It was another law that really angered even the "caudillos informales" - the local leaders who held no official office, such as the Native Cajeme who enforced the rule of Jesus Garcia Morales in Sonora or G. Casaventes in Chihuahua - where Zuloaga, in an effort to end the turf war between governors and the Rurales, passed the Law of Jurisdiction through the Assembly with Maximilian's reluctant assent. The law was to create a two-tiered system of courts, modelled on the USA and CSA judiciaries, with "departmental courts" controlled by governors (and practically speaking the caciques) and "national courts" controlled by Mexico City. What outraged the caudillos was the provision that moved all cases either brought by - or, considering the outrages of the day, against - members of the Rurales were to be tried in national rather than local courts. Seeing as how many Rurales commanders often treated local departments as their own fiefdoms contravening the caudillos, and that many parts of Mexico could not afford their own constables and so relied on the Rurales, it effectively nationalized criminal law enforcement. Local "comisario" militias spread across much of the north and south and Manuel Lozada declared that he would shoot every Rurale in Nayarit if the law was not repealed. Despite Maximilian's pleading not to make an example of the Tiger of Tepic, Zuloaga and Miramon agreed for once that Lozada's threat meant open rebellion, and announced that Ramon Corona, a well-regarded general and native of Tepic, would be the new governor. Corona was dispatched with a force of 5,000 men to help secure his inauguration, and Mexico was teetering perilously close to the militarist politics that had marked the years before the French intervention.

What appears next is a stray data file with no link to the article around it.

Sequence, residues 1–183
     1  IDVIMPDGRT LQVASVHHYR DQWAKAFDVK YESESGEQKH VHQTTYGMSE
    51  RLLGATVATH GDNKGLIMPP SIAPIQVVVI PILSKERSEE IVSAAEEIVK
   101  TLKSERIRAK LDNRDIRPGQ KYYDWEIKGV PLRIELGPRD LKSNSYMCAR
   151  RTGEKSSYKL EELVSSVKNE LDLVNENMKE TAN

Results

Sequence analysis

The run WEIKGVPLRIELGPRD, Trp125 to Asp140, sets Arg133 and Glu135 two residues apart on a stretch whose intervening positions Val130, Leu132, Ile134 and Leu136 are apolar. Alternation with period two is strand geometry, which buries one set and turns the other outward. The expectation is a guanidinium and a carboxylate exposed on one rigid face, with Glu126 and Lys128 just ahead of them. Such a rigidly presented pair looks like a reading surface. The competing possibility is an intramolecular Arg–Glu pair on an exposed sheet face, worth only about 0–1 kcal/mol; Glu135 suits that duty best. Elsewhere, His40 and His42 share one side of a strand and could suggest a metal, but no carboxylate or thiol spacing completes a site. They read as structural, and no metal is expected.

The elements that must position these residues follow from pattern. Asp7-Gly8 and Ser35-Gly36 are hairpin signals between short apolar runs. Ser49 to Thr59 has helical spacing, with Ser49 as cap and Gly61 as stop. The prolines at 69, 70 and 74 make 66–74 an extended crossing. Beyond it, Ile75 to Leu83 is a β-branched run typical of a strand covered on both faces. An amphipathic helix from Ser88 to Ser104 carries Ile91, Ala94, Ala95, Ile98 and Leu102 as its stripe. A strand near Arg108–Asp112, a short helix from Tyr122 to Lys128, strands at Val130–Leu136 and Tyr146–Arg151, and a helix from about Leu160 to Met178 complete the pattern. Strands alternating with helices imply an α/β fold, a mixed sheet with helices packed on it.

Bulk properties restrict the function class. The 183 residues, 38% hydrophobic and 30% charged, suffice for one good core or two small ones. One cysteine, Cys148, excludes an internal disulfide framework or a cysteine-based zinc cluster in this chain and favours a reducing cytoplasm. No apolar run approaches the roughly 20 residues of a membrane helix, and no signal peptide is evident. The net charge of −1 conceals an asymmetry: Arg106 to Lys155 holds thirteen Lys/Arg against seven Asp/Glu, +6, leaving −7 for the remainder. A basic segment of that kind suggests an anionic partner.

Lozada responded by raising a force of 16,000 men, which stunned Mexico City. "Where did he find them all?" Maximilian was said to have asked, bewildered, in a strategy meeting with Miramon. The two armies met at Chapalilla on May 5 [2], where despite a gallant stand Corona's forces were driven back, outnumbered, though their professionalism against Lozada's ragtag band allowed them to inflict disproportionate casualties. Maximilian declared Nayarit a department in revolt and mobilized the Imperial Army in its entirety. Alarmed, the caudillos across the northern departments raised their own forces and fighting between Rurales and Comisarios accelerated throughout May. Mexico was a tinderbox of tension as new governors were dispatched northwards with small forces to secure their own departmental capitals, and the match was lit when on May 22 "the Zocalo Manifesto" was published by a number of dissidents in northern newspapers, calling for republican revolution and the overthrow of the monarchy.

The Revolt of the Caudillos had begun."

- Maximilian of Mexico

[1] ITTL name for El Paso, TX and Paso del Norte, Mexico
[2] ;)
From what is implied, the centralists are going to win this war. Hopefully, this event will be the wake-up call necessary to get Max to stop taking victory laps in Europe and Mexico City, and invest more in the impoverished outer provinces.
The Revolt of the Caudillos